Additionally, for the time being, autonomous weapons should not be utilized in complex scenarios—such as counter-insurgency–where there is significant possibility that it could cause inadvertent civilian casualties or unintended collateral damage. It may also be unwise to use a fully autonomous UCAV for missions like close air support—particularly during “danger close” type situations where friendly troops are in close contact with the enemy—until the technology has been proven operationally in other roles. Human pilots have a hard enough time with those types of missions.

While at present there are some technological limitations that do exist, those are not likely to remain to roadblocks forever. Autonomous technology is advancing rapidly and could one day be precise and reliable enough to not only distinguish correct targets but could also make proportionality judgments in complex scenarios based on parameters programmed into the machine. Those parameters would not be unlike rules of engagement given to human operators. Already, cameras and software exist that can identify individual human faces for example. Once a target is precisely identified, it would not be a huge leap then for an autonomous system to use a low-collateral damage weapons to eliminate hostile targets while minimizing any harm to civilians.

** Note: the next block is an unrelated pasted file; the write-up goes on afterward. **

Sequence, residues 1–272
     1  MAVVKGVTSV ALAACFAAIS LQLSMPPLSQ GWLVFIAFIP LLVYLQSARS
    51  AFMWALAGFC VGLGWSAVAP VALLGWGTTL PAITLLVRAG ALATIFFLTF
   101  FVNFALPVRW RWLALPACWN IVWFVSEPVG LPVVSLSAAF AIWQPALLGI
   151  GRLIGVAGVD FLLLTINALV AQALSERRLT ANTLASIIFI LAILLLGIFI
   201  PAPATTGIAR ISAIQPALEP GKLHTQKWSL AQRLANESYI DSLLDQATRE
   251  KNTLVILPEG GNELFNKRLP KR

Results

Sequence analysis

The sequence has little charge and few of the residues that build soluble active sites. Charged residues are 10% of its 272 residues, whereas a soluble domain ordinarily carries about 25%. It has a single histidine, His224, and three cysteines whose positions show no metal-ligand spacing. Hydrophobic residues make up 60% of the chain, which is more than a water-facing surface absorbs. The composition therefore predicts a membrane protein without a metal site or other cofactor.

Much of the objection to fully autonomous weapons seems to stem from a sense of “fair play” rather than any real legal issues—most of which are likely to be overcome. But any time new weapons technology emerges, there is opposition from those who believe that the technology fundamentally unbalances war. Objections have been raised throughout history to new technologies—ranging from crossbows and longbows, to machine-guns and submarines—because the use of such weapons was considered to the “unfair” or “unsporting.” But ultimately, the use of such weapons became a fact of life. War is not a game, and as U.S. Air Force Col. Lawrence Spinetta, commander of the 69th Reconnaissance Group said: “Isn’t there a moral imperative on the part of a nation to minimize danger for its soldiers and airmen?”